As an organization that helps hospitals with reimbursements, AHC deals with enormous amounts of paper. Stettler says the company could receive as much as 5,000 to 6,000 documents per day, or 8,000 to 9,000 pages. That's why in mid-2004, the company implemented a proprietary document imaging solution.
"We now scan inbound documents to our transaction system," he says, adding that employees in remote offices can access the data in less than a day. When manual processes were in place, it could take up to seven business days for remote offices to gain access to information.
While the document imaging system was enormously beneficial to AHC, the company ran into a problem when remote employees accessed the system. At corporate headquarters, LAN speeds allowed users to access the images quickly. However, when the images had to traverse the wide area network (WAN) to reach employees at the branch offices, users would have to wait two to three minutes for an image to pop up on their screens.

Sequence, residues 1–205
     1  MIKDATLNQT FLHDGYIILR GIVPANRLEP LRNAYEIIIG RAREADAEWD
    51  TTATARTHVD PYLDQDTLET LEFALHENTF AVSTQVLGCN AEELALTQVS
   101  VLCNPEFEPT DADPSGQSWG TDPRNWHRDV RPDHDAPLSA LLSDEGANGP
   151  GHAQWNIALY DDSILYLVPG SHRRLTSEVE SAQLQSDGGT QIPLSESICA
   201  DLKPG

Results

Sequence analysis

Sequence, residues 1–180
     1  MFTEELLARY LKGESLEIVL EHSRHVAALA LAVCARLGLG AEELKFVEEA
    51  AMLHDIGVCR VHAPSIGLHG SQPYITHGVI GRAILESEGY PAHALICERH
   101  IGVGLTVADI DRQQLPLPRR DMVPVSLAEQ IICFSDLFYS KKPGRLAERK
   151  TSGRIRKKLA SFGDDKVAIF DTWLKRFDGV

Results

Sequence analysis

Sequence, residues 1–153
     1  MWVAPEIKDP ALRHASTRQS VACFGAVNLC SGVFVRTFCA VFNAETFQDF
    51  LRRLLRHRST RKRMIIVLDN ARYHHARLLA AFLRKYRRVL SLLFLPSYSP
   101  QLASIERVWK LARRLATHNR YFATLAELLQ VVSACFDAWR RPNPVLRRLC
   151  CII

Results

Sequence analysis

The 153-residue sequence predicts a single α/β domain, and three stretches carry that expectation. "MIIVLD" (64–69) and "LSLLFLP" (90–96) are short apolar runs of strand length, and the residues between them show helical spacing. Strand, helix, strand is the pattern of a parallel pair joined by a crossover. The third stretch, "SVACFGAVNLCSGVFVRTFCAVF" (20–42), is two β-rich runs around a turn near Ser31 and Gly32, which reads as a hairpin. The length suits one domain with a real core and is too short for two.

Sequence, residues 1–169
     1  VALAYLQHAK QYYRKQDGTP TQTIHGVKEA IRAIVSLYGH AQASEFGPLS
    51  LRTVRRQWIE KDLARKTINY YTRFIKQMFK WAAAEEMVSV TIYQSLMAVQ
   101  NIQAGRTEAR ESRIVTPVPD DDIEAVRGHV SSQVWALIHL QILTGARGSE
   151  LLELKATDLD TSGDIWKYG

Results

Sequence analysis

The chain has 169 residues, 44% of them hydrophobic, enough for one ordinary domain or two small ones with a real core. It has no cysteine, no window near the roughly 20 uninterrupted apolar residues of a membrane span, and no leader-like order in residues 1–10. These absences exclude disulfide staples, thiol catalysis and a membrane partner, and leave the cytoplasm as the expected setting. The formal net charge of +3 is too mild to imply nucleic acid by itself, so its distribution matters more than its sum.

With as many as 100 to 150 remote users accessing images, "the system was just too slow," says Stettler.
A second problem the organization confronted was disaster recovery. In both 2004 and 2005, AHC's Boca Raton office was affected by hurricanes. This was a huge problem for the company because the remote offices hosted all local files, so when they were off line, files were unavailable.
AHC began meeting with SAN vendors early last year and evaluated vendors against a number of criteria:
- Modular storage architecture for growth and expansion
- Web-based management
- Minimal training